Finding a voice: Group aims to help Asian Americans’ influence in N.J. match their population growth

It was only last year that a few committed business leaders and academics came together to form New Jersey’s first organization dedicated to elevating the voices of Asian Americans across the Garden State.

The group, Jersey Promise, is making up for lost time.

The organization immediately published a comprehensive survey entitled, “A Report on the State of Asian Americans in New Jersey.” It overviews just about anything you’ve wanted to know about the state’s fastest growing demographic: Asian Americans.

Maneesha Kelkar became the Jersey Promise’s executive director shortly after four founders — Jun Choi, Khyati Joshi, Ronald Chen and Richard Sun — officially launched the organization.

She spoke with ROI-NJ about the goal of this new group and what they’re learning about Asian businesses in New Jersey.

ROI-NJ: What was the impetus behind the founding of this organization?

Maneesha Kelkar: If you look at New York or California, there’s several Asian American policy organizations — each covering different aspects of Asian American life and business. The founders of this organization wanted to fix the gap that existed for anything like that in New Jersey. They felt that Asian American voices and interests are often mixed up in the overall New Jersey landscape. There are so many issues specific to the Asian American community that need to be addressed. But, also, they had a larger goal of facilitating working together with all immigrant groups. We weren’t just trying to do this for Asian Americans. We want to partner with other immigrant groups facing similar issues and get laws enacted, administrative decisions made or other issues addressed that might be in business, or it might be in immigration policy or family and social services. So, we want to work with other groups, as well.

ROI: Could you talk about the state’s composition of Asian-owned businesses? What do those business owners care about most?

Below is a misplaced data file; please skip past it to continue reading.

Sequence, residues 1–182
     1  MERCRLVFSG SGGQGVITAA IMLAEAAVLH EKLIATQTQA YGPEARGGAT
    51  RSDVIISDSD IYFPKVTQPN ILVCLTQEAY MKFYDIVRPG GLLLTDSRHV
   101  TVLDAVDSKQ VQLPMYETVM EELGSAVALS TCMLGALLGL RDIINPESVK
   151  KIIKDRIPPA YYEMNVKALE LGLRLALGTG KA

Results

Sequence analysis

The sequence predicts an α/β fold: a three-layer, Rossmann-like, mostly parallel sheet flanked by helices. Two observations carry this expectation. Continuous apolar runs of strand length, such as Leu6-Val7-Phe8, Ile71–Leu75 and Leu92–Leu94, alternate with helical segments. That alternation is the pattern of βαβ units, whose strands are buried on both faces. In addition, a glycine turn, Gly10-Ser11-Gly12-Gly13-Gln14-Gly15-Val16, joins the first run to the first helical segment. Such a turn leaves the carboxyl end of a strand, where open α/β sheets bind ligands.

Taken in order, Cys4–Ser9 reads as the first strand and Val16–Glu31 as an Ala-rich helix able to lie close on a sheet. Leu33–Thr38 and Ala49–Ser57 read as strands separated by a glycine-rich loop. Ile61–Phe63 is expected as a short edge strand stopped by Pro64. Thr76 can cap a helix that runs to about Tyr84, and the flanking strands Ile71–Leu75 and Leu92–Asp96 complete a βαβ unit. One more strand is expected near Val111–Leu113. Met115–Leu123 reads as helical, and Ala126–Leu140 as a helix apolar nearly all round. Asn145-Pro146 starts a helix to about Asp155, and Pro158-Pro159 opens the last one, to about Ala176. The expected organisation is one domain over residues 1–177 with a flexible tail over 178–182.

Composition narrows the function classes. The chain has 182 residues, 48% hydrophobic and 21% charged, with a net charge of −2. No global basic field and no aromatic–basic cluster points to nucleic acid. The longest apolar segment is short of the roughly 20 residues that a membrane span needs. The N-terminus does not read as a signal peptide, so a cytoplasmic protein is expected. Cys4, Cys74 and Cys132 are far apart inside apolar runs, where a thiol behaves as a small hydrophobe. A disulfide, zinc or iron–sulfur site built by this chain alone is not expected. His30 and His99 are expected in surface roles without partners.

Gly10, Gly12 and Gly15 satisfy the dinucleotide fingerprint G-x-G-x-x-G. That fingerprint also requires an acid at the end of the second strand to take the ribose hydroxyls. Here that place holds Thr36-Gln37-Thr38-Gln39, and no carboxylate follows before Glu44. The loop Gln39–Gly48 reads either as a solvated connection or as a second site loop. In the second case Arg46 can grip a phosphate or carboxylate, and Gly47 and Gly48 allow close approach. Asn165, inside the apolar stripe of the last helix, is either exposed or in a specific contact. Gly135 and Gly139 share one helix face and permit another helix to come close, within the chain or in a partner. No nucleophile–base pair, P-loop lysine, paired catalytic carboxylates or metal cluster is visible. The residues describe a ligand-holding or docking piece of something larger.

MK: New Jersey is really a diverse state. And immigrant business owners are almost half of the state’s Main Street businesses. That’s a large number. Half of those immigrant business owners are Asian American. And small business is a huge component of New Jersey’s economy. But there doesn’t seem to be as much of a support system for these businesses. For example, minimum wage legislation passed — and that’s fantastic, because a significant percentage of minimum wage earners are Asian American, so we want to support their welfare. But there’s always this classic conundrum between minimum wage and really small business owners, because they’re hit hardest. I think policy should keep all these things in mind, and maybe when the minimum wage goes up, we can look at how we can better help small businesses with something like the tax credit system. It should be a win-win.

ROI: Your report detailed how large a majority of Asian Americans in the state are immigrants — two-thirds. And, also according to the report, more immigrants have come from Asia than Latin America and other Spanish speaking nations every year since 2011. What challenges does this population face when members go to start their own business?

MK: There’s a whole range of roadblocks, and many of them may not come as a surprise. It’s what you would expect from a relatively new immigrant population. Gaps in knowledge, cultural competency, language factors — especially in some Asian American communities — all make it difficult for business owners to secure loans, on top of the difficulties that already exist in accessing capital. We’re looking to community banks to help make that process smoother. We haven’t done studies in that area yet, but through our first report we’ve identified it as an issue.

ROI: Now that you’ve finished that report, what will the organization’s priorities be going forward?

MK: Every section of this report has thrown open issues that need addressing. But we’re really following up on the need for cultural competency training that starts in the public school system. That’s for teachers and administrative staff. It’s something we’re taking the lead on. We’re taking a look at business issues, including the conundrum of one type of business — nail salons. The workers in these salons don’t as of yet have protections. They often work with harmful chemicals that they inhale. It’s a challenge to their health. You drive into any New Jersey town and there will be five of these businesses — there’s a large number, and a large population of workers. These are typically immigrant workers, primarily Vietnamese, Korean and Nepali. The conundrum is that the businesses are also immigrant- or Asian-run. But we’re looking at how legislation could improve the welfare of nail salon workers, but also help those business owners run their business and succeed, replicating what has been introduced in other states, such as New York.

Asian American presence

Across New Jersey, there are 941,057 Asian American residents (roughly 10% of the state’s population), living mostly in Middlesex, Hudson and Bergen counties. Here’s the largest population groups, according to Jersey Promise’s survey: 

  1. 384,072 Indian
  2. 168,323 Chinese
  3. 136,721 Filipino/Filipina
  4. 31,431 Pakistani
  5. 26,400 Vietnamese
  6. 21,115 Japanese

Conversation Starter

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